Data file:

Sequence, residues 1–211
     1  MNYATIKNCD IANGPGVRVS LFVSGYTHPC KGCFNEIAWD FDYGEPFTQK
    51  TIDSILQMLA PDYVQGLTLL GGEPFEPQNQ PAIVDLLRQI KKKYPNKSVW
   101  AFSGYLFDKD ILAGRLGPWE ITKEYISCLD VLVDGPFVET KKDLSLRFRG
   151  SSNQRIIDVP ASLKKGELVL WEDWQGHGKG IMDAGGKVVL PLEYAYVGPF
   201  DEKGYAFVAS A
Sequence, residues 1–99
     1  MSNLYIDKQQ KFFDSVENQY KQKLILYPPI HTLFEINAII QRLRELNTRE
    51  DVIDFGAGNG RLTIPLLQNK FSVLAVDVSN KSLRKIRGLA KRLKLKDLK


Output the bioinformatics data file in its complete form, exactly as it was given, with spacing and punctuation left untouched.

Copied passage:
Sequence, residues 1–211
     1  MNYATIKNCD IANGPGVRVS LFVSGYTHPC KGCFNEIAWD FDYGEPFTQK
    51  TIDSILQMLA PDYVQGLTLL GGEPFEPQNQ PAIVDLLRQI KKKYPNKSVW
   101  AFSGYLFDKD ILAGRLGPWE ITKEYISCLD VLVDGPFVET KKDLSLRFRG
   151  SSNQRIIDVP ASLKKGELVL WEDWQGHGKG IMDAGGKVVL PLEYAYVGPF
   201  DEKGYAFVAS A
Sequence, residues 1–99
     1  MSNLYIDKQQ KFFDSVENQY KQKLILYPPI HTLFEINAII QRLRELNTRE
    51  DVIDFGAGNG RLTIPLLQNK FSVLAVDVSN KSLRKIRGLA KRLKLKDLK